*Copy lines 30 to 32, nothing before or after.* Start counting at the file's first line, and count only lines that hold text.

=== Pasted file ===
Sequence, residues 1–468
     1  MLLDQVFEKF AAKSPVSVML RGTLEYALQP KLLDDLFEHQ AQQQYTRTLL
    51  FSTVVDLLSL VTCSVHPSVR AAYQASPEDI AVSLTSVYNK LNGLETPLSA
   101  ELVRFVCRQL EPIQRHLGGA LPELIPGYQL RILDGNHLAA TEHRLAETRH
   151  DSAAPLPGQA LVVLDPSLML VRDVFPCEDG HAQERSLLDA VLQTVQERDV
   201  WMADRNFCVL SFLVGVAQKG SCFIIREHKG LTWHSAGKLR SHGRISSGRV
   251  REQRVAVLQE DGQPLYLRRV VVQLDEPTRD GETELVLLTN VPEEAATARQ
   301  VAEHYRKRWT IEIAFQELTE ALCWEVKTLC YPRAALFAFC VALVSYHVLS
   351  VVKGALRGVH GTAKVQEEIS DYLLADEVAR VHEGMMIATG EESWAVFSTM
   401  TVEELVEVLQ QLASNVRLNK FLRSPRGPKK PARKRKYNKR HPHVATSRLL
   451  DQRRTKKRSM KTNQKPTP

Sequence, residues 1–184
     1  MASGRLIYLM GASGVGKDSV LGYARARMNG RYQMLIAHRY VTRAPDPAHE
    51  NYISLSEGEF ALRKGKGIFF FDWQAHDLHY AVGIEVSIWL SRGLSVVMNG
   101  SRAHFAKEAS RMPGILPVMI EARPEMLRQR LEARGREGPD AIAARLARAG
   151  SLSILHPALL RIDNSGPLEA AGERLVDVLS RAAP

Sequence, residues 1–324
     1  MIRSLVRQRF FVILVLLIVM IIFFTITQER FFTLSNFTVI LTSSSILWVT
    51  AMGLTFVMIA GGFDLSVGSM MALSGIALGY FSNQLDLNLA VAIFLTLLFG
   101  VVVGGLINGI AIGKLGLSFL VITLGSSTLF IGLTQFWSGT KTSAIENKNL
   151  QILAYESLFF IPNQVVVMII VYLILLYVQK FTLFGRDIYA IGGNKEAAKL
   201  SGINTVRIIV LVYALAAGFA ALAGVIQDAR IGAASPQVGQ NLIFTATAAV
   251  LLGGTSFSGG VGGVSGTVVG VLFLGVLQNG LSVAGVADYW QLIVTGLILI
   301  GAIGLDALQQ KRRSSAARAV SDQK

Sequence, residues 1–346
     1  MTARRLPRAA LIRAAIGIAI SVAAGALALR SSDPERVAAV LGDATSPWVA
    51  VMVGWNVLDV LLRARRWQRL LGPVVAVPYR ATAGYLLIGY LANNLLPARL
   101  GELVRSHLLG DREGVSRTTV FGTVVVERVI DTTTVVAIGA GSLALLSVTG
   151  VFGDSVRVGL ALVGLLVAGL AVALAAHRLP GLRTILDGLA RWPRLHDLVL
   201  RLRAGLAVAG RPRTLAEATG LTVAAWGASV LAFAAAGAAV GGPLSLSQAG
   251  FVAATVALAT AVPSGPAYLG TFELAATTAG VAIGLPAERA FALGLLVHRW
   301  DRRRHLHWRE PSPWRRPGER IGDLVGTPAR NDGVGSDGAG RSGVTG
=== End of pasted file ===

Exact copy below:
   201  RLRAGLAVAG RPRTLAEATG LTVAAWGASV LAFAAAGAAV GGPLSLSQAG
   251  FVAATVALAT AVPSGPAYLG TFELAATTAG VAIGLPAERA FALGLLVHRW
   301  DRRRHLHWRE PSPWRRPGER IGDLVGTPAR NDGVGSDGAG RSGVTG